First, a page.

Mon. Jul 15th, 2024

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2 min read

SEXWITCH isn’t your average cover album, nor your average cover band. With Natasha Khan—a.k.a. Bat For Lashes—at the helm, joined by producer Dan Carey and psych rock band Toy, you’d almost expect something dreamy and electronic with some psych twists to it. Instead, SEXWITCH takes psych and folk songs from Iran, Morocco, Thailand and the U.S. and puts their own translations and performance into them, with some stellar results. While it’s an interesting concept, this is far from the only thing that makes SEXWITCH such a noteworthy occurrence.

SEXWITCH SEXWITCHThe truly shocking part of the album was the energy and life these droning, explosive songs bring out of Khan. While album opener Ha Howa Ha Howa starts simply enough, by the end Khan is screaming herself hoarse, wailing over the tribal folk beat in a way that we’ve never really experienced. Helelyos is lighter on the screaming, but vibrates with a dark, sexual energy that is equally shocking and infectious; a different but exciting kind of primal energy.

As the album gets to Kassidat El Hakka, her new-found attitude reaches its peak: Her raw, shouting vocals cover a majority song, but closes on an extreme note, with Khan’s almost crazed laughter leading into a primal scream, partway between bloodcurdling and ecstatic, adding a new layer to the psych track, and making her calmer chanting—When I die / I’ll go back to where I was—that much more unsettling.

The crazed energy and sheer power between these tracks does have an effect on the album’s low-key moments, though: Lam Plearn Kiew Bao, while good in its own right, falls behind after all of these high-energy trips, relying on minimal instrumentation and Khan’s elongated vocals rather than vibrant arrangements and primal energy. War in Peace, the only song to originate from an English-speaking country on the album, feels out of place compared to the exotic psych rock the album showcases, making up for it with Khan’s impressive vocals but ending the album on a conflicting note.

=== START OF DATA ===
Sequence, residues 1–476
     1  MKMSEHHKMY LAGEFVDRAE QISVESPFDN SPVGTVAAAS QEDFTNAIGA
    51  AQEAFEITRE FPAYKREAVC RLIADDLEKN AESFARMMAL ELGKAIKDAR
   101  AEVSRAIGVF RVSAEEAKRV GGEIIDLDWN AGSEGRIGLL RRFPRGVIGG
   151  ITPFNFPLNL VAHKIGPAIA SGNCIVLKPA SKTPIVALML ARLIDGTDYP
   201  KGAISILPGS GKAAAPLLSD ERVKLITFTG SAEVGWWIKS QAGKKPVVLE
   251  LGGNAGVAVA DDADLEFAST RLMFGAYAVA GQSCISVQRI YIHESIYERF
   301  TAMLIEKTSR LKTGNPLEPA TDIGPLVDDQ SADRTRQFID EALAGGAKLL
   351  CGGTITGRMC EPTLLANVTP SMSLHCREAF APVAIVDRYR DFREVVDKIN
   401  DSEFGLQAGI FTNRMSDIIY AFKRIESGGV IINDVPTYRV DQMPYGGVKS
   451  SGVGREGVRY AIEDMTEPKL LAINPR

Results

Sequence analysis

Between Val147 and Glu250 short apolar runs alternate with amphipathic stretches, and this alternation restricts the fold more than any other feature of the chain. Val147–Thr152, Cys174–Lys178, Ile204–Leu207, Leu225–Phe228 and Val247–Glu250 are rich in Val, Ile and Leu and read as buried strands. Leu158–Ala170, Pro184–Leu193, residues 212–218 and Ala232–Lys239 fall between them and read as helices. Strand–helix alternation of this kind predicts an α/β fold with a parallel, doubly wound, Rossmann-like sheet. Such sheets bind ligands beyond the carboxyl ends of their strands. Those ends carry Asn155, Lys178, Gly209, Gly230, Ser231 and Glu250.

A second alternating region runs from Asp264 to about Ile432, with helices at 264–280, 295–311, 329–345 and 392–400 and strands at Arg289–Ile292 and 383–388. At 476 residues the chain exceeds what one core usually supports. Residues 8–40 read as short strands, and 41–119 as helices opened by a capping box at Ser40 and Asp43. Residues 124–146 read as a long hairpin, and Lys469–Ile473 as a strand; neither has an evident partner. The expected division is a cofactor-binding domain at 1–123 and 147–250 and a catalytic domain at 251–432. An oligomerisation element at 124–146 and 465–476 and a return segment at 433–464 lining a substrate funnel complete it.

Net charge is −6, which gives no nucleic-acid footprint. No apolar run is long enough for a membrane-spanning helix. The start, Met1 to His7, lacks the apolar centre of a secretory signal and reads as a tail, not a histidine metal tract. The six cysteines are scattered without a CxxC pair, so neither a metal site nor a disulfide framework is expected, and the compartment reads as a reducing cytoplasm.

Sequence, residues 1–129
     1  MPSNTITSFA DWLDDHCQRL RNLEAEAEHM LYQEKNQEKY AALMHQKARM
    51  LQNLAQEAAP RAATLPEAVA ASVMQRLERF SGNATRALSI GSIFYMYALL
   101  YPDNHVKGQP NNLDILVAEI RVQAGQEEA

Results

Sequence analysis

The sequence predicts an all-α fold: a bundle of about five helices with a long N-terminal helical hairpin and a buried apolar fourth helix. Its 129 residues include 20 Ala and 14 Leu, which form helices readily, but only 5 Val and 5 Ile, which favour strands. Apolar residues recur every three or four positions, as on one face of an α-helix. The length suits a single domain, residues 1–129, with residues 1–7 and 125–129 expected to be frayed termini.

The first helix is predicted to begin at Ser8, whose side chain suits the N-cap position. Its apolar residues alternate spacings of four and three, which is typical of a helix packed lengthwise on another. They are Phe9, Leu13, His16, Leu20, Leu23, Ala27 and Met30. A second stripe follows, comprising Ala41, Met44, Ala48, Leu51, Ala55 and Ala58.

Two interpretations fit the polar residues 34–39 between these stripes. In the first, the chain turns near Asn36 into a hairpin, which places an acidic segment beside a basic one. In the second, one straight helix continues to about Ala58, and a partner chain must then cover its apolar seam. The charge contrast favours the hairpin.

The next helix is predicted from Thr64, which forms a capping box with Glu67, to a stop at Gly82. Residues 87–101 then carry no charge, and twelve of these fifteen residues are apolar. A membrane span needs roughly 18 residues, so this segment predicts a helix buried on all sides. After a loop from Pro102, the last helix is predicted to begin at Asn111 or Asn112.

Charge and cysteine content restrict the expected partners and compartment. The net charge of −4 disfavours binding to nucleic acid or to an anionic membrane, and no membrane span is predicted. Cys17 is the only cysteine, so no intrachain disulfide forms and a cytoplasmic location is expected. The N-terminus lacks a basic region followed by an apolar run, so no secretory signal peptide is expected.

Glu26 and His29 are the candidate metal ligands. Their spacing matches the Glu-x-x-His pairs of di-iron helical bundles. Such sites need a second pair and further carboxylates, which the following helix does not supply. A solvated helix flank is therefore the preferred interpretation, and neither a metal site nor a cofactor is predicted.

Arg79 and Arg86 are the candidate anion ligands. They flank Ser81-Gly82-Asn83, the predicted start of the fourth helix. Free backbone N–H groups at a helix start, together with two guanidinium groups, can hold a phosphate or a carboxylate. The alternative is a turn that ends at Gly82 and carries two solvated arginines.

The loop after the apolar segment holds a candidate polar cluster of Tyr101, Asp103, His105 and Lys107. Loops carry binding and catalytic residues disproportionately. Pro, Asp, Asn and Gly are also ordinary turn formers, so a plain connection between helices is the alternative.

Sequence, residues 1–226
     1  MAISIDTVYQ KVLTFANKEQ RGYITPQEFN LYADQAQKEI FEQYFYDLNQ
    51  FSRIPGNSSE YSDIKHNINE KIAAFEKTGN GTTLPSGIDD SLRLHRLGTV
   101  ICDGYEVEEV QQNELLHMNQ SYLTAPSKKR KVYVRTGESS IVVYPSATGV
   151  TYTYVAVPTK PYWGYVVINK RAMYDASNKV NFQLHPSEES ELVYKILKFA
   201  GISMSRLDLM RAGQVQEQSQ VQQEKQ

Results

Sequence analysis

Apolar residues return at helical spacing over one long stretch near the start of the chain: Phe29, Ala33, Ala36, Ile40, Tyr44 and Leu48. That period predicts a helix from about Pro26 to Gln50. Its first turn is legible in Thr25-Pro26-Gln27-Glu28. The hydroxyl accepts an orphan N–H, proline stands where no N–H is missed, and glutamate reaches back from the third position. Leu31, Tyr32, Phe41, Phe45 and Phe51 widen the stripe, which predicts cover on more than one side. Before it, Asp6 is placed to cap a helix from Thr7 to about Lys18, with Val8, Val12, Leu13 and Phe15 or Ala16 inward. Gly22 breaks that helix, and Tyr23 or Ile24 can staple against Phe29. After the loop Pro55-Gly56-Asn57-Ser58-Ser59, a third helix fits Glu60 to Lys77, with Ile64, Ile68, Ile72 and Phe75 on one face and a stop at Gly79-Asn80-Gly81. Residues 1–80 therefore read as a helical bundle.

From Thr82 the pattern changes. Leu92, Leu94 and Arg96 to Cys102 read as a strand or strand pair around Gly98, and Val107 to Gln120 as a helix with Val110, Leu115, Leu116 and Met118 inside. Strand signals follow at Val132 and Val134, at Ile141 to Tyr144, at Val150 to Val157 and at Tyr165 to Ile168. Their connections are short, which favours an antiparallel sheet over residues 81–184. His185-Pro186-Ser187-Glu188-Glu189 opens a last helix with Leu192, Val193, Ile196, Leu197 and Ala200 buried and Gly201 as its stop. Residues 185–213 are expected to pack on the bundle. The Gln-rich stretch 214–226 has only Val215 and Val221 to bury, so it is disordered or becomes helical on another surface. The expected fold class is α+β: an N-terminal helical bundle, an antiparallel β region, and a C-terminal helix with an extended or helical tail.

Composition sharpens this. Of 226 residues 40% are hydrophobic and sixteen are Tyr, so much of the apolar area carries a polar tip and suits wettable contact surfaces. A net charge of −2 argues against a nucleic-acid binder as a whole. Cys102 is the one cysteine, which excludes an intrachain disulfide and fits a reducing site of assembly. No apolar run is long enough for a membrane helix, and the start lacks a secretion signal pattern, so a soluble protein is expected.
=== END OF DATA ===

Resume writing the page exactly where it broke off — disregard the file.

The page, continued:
Aside from the conflicts in tone, SEXWITCH is a truly impressive feat. Toy offer some amazing performances across the album, and Khan’s vocals are positively otherworldly. It’s a dark turn one wouldn’t have expected her to take, but one that’s made her all the more intriguing as an artist. The primal energy in Kassidat El Hakka and Helelyos is utterly infectious, and the whole package feels unique and refreshing in the context of the modern music world. With only six tracks to its name, the two weaker songs show their flaws far too clearly to call it perfect. As an experiment and an experience, however, SEXWITCH is a complete success.